۲۹ شهریور ۱۳۹۸ |٢٠ محرم ١٤٤١ | Sep 20, 2019
Tens of thousands of Muslims celebrate Eid al-Fitr in Taipei

Tens of thousands of Muslims celebrated Eid al-Fitr, the "festival of the breaking of the fast," at events in Taipei Sunday that were organized by various city government departments to mark the end of the Muslim fasting month of Ramadan.

Hawzah News Agency (Taipei, Taiwan) – Over 30,000 Muslims, mainly Indonesian migrant workers, packed the first floor of the Taipei Main Station, the main transport hub of Taiwan's capital, to share food, sing and embrace their culture with their compatriots.

Taipei Station Master Huang Jung-hua   said an estimated 30,000 to 40,000 people gathered throughout the day at the station on the first Sunday after Ramadan to celebrate Eid al-Fitr.

The first day of Eid al-Fitr was actually last Wednesday, but because it was a weekday, the vast majority of Indonesian workers came to the station to celebrate on Sunday, as they have that day off work, Huang pointed out.

"To my understanding, migrant workers use Facebook to organize meet-ups with their friends at Taipei Main Station when they are in city because the station is spacious and air-conditioned, providing a suitable environment for them to socialize," Huang said.

Huang also stressed the importance of respecting all cultures and reminded Taiwanese passengers at the station to be understanding of their special occasion.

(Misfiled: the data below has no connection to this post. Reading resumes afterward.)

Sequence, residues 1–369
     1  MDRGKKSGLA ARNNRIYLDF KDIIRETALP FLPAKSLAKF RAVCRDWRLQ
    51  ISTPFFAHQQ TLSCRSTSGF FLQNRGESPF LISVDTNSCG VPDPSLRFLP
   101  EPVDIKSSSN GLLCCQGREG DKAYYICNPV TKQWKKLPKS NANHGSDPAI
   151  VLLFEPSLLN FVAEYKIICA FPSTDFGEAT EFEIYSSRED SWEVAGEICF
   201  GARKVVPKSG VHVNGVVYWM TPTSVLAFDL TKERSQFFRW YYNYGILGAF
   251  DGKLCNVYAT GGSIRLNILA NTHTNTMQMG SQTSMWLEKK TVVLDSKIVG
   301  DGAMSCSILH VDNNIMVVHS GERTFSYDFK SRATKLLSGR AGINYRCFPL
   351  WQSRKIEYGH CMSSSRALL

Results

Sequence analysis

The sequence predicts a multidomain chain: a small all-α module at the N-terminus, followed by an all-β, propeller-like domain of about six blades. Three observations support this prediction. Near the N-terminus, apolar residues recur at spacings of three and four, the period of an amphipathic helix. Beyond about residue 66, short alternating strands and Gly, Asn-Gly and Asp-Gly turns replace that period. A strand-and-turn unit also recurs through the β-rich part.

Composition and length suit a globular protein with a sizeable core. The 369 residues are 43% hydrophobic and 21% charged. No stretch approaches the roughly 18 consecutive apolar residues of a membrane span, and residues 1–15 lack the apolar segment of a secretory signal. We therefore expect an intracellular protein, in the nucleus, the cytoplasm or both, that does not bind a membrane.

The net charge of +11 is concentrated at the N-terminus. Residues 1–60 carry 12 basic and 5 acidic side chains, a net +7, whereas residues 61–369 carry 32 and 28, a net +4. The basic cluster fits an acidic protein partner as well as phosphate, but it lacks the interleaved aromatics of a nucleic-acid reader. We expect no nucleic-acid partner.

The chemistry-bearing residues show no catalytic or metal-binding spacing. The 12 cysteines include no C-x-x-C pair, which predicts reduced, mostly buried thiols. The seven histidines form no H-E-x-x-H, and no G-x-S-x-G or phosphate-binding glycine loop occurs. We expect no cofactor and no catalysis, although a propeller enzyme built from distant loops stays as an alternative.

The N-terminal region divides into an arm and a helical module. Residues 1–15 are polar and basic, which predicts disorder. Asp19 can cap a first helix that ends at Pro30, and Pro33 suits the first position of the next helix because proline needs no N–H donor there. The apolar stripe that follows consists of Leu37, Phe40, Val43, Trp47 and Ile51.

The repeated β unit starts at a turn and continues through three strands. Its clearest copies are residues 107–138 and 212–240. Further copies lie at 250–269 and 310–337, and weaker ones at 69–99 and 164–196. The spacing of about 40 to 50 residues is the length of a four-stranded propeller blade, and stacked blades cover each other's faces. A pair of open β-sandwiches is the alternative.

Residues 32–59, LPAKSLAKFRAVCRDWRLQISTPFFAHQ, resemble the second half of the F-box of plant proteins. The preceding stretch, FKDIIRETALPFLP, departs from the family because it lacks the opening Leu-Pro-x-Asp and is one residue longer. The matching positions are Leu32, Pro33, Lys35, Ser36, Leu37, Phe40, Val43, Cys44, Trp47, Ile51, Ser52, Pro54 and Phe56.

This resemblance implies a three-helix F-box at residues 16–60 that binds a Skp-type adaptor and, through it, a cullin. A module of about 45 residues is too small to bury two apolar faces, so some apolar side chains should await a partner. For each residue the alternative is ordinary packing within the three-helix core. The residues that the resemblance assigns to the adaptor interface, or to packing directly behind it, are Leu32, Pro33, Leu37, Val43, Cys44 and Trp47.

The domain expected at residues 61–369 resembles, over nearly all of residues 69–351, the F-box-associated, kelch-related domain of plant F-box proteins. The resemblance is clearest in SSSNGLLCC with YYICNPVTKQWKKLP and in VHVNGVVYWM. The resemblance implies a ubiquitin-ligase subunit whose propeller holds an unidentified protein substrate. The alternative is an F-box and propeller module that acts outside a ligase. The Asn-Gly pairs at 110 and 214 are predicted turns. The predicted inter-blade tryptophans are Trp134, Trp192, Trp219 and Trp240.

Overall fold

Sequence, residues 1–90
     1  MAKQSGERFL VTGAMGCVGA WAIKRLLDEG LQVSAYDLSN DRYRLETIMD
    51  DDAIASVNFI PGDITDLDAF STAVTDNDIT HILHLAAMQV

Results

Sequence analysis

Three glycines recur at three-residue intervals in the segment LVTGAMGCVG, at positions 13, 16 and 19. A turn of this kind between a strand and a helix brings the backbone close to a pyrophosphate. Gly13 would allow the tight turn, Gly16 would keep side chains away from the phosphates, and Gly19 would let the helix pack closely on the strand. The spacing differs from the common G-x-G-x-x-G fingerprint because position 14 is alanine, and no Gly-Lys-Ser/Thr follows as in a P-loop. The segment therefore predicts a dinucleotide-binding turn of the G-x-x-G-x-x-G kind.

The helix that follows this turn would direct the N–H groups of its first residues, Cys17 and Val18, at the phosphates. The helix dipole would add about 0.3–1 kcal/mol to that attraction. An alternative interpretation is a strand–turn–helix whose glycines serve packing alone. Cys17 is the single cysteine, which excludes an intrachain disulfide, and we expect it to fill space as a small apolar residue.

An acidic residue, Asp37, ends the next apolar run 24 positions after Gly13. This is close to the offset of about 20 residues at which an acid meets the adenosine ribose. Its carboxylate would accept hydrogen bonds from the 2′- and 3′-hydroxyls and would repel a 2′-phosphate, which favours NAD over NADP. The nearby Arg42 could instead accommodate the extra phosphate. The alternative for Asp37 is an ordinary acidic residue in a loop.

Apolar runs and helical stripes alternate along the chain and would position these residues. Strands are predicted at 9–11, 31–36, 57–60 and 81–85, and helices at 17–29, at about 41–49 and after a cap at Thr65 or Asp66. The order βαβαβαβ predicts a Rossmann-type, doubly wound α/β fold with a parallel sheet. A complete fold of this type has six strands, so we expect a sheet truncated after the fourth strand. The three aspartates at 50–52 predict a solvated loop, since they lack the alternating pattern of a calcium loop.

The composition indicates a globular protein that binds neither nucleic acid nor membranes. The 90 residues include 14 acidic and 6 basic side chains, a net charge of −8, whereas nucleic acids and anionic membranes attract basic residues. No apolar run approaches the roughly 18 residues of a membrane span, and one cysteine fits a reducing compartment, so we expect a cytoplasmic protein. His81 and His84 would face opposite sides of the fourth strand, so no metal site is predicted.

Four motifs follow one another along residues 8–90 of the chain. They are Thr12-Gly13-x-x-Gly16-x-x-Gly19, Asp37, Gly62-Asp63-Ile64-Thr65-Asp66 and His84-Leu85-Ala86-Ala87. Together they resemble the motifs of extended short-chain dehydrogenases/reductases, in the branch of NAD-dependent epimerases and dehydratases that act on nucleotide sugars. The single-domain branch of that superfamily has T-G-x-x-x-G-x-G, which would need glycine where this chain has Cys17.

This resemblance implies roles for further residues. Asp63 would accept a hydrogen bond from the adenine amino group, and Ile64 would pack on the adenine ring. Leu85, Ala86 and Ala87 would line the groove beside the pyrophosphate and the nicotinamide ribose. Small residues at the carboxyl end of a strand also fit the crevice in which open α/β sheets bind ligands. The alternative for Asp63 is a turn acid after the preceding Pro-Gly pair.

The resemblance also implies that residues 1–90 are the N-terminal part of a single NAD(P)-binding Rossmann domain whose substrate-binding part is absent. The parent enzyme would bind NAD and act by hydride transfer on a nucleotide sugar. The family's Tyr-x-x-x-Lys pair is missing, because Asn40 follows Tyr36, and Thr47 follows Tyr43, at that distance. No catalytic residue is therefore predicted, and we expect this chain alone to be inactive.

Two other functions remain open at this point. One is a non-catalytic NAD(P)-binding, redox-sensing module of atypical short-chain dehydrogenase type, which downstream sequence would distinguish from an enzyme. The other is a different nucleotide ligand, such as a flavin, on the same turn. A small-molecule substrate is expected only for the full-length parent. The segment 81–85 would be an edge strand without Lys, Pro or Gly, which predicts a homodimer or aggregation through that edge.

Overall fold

Meanwhile, a festival to celebrate Eid al-Fitr, the Gemilang Idul Fitri 2019, which was organized by Taipei City's Department of Information and Tourism was also held in the city's Da'an Park that same day.

The festival hosted a market featuring products from Muslim communities around the world, in addition to Indonesian-themed performances and Muslim-themed outdoor lectures.

Taipei Mayor Ko Wen-je   said in a speech at the festival that Taiwan has approximately 270,000 Indonesian migrant workers, including more than 30,000 who work in Taipei, mostly as caretakers looking after elderly citizens.

Speaking on ways to make the city more Muslim-friendly, Ko said he has already instructed Taipei's Department of Health to increase the number of Muslim-friendly hospitals, which includes prayer rooms and Halal-certified food.

According to Ministry of Labor statistics, there were 270,890 migrant workers from Indonesia in Taiwan as of the end of April. Indonesia has the highest Muslim population in the world.

 

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